Solomon remembers finding out about the second diagnosis. Arithson called McCaulley with the news, and McCaulley ("our caretaker") called the rest of the group.

Arithson learned she would need a mastectomy on one of her breasts.

"When I found out that breast had to go, I decided both could go," she said.

Arithson's experience paved the way for the rest of the women when they were diagnosed.

Solomon didn't have a lump, and the mammogram that found her breast cancer was the first one of her life. She was 37 years old.

Solomon called McCaulley with the news.

"She's our alpha female. She can deal with the bad news," Solomon said. "She just says, 'Alright. What do we do next?'"

It has been five years since Comeau ended her treatments, which means her risk levels have returned to normal.

"(When I was going through treatment,) it was all about these ladies," she said. "They brought in food and took care of the kids, and every weekend when I came back from radiation, we would have a dinner party. That's what gets you through."

Hamil was brought into Playgroup after her diagnosis. She has lived in Steamboat Springs for 25 years. She knew the Playgroup Moms but had never been a regular part of the group. When they found out Hamil had breast cancer, they stepped in.

"We didn't want her to be out there by herself," Comeau said.

The women called her regularly during radiation and when she got back to Steamboat, the Playgroup put her on the regular rotation of hostesses for the weekly meetings. That was three years ago.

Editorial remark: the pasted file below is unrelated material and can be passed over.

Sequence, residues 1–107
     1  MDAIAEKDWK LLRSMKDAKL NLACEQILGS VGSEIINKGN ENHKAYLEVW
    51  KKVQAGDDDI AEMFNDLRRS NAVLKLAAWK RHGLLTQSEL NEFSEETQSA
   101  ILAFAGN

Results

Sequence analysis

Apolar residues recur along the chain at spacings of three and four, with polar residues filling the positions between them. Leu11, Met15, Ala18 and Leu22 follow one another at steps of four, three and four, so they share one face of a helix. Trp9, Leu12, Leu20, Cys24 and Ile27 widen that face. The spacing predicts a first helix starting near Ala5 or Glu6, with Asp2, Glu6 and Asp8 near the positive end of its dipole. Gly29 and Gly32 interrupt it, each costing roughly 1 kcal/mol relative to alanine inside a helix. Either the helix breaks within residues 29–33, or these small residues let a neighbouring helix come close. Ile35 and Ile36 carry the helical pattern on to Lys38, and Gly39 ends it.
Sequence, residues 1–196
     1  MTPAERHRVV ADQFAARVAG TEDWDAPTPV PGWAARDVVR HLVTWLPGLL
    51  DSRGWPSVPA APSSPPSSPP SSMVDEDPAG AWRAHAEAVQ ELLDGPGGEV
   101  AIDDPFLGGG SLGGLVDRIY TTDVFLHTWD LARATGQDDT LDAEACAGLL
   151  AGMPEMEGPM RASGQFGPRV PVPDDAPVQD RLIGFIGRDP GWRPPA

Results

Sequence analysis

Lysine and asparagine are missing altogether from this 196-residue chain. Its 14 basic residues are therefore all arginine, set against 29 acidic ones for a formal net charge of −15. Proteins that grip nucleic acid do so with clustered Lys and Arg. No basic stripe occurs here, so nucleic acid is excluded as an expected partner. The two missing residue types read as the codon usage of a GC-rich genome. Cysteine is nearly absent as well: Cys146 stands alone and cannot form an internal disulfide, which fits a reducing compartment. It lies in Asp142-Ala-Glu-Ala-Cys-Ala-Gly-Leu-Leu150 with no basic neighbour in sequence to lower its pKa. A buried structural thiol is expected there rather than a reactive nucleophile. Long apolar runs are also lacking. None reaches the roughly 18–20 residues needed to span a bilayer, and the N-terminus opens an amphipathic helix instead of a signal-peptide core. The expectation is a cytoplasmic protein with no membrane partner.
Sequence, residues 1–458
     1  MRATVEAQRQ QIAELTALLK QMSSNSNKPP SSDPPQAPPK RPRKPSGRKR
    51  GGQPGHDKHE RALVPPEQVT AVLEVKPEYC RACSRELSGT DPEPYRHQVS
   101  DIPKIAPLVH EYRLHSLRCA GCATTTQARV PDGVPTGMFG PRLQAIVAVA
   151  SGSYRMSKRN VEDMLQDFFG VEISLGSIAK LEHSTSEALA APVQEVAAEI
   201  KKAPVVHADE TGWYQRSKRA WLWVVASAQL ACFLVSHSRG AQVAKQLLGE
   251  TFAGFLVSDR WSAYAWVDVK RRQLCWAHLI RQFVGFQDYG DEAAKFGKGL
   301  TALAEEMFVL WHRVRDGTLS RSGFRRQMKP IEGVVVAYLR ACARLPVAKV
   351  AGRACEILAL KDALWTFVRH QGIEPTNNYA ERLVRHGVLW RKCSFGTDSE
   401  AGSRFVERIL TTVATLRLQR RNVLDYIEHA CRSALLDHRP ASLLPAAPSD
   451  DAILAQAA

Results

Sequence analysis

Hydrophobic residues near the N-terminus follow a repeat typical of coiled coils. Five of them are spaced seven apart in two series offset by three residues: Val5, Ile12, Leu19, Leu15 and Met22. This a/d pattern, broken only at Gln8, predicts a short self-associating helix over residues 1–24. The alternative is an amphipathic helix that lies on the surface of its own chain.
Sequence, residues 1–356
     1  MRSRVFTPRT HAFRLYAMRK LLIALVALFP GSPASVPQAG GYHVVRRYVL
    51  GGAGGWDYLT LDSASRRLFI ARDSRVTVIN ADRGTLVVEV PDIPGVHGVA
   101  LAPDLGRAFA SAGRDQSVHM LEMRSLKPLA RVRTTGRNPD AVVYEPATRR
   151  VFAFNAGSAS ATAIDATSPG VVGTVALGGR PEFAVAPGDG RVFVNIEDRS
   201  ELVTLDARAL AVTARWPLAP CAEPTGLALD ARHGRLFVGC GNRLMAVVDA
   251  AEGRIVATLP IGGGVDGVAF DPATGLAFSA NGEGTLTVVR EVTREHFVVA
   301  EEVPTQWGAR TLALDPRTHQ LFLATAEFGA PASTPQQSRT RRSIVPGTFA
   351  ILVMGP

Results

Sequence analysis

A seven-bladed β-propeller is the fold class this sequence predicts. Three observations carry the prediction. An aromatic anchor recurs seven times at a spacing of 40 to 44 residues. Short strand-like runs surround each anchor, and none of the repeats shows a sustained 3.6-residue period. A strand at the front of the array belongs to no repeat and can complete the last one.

Of the four women who survived breast cancer in the Playgroup, all said the secret to making it through is "your girlfriends."

"Your husband isn't always the best help," Solomon said. "The girls come over and throw in a load of laundry or they throw you in the shower."

A collage of photos of the group wraps around the framed words, "Friendship, said Christopher Robin, is a very comforting thing to have."

Because four women from the group have survived breast cancer, the group has adopted it as a cause.

The women travel to Denver to participate in the Race for the Cure. Between them, they bring along seven daughters.

And three years ago, when the Bust of Steamboat fund-raiser began locally, the group knew it was something they wanted to add to their efforts.

Last year and this year, they have contributed to the Bust of Steamboat fund-raiser.

"We started with the Race for the Cure, but this has been really great to have something in Steamboat. We can put our energy into that," Helm said.

Last year, Bust of Steamboat raised $21,000, funds that are available for anything from mammograms to help getting to Denver for treatments.

This year, 25 bras decorated by local artists will be up for auction. In 2003, bras sold for prices from $25 to $1,200.

On Monday, a day before the bra was due, the Playgroup Moms gathered at Bomberg's house with needles and thread and put the finishing touches on their bra.

"What time is this due tomorrow?" someone asked.

The Western-themed bra, decorated with leather and a lasso, is titled "BRAnd New Day."

"For each of these women, they had to rally and find a way to get through each day," Bomberg said. "And every day (since their diagnosis) is a brand new day."

Comments

Use the comment form below to begin a discussion about this content.

Requires free registration

Posting comments requires a free account and verification.